In our last blog, we provided an introduction to the first two of eight best practices for effectively retrofitting manufacturing systems in a pharmaceutical production facility. In this one, we’ll explore the next two best practices and how they’ve been used effectively in our Genentech case study.

#3: Explore automated migration tools to transfer data between systems.

Retrofitting legacy systems can be challenging due to the amount of configuration information that exists in the old system and will need to be re-entered into the new system. Fortunately, there is a wealth of software tools available that are specifically designed to move configuration and systems data from one platform to another, and often the major software applications will already have similar capabilities built in, such as XML export/import functions. Utilizing existing data transfer tools, and exploring opportunities to fill in gaps with customized tools, can help maintain data integrity between legacy and new systems and smooth the retrofit process.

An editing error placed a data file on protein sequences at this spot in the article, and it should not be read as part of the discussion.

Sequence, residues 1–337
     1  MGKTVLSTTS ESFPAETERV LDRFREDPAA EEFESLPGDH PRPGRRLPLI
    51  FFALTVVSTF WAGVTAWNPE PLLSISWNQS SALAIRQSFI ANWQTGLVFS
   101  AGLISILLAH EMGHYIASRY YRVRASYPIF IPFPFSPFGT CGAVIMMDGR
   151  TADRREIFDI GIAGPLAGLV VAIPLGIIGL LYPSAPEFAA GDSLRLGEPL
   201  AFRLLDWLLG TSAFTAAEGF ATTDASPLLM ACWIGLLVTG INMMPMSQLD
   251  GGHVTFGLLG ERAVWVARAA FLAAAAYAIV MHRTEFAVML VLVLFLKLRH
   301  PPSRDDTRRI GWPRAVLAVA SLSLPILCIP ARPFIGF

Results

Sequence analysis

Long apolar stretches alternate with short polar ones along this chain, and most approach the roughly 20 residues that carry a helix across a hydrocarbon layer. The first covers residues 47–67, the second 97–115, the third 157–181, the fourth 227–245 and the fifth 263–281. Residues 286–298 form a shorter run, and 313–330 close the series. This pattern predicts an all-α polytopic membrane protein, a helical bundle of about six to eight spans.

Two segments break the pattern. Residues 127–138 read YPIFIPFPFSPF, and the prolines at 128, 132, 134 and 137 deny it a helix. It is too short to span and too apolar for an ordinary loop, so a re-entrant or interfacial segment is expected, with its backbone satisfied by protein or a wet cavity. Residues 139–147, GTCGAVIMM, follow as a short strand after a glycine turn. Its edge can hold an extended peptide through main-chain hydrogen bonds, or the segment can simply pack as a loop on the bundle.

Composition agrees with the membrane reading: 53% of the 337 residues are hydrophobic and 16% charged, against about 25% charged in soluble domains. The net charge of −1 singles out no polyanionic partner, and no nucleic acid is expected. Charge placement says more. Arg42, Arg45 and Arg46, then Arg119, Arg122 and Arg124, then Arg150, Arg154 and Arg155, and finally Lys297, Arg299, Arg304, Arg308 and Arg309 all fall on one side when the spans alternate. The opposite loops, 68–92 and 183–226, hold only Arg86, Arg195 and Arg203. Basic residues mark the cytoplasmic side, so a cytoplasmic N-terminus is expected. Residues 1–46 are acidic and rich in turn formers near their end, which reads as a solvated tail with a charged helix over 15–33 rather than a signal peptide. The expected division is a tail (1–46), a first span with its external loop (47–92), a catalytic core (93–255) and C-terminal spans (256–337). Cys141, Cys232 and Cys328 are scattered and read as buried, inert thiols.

The benefits of this practice are clear, and numerous. Automated transfer of data eliminates the potential for transcription errors or omissions, reducing online testing requirements and overall system downtime. It also makes transferred data more secure and safeguards intellectual property such as recipe procedures, product structures, and other information essential for manufacturing. Testing a software migration tool is typically less expensive and less time-consuming than verifying manually-entered data. And an automated migration can be performed multiple times, so system managers can build confidence that the critical data has been migrated reliably and correctly.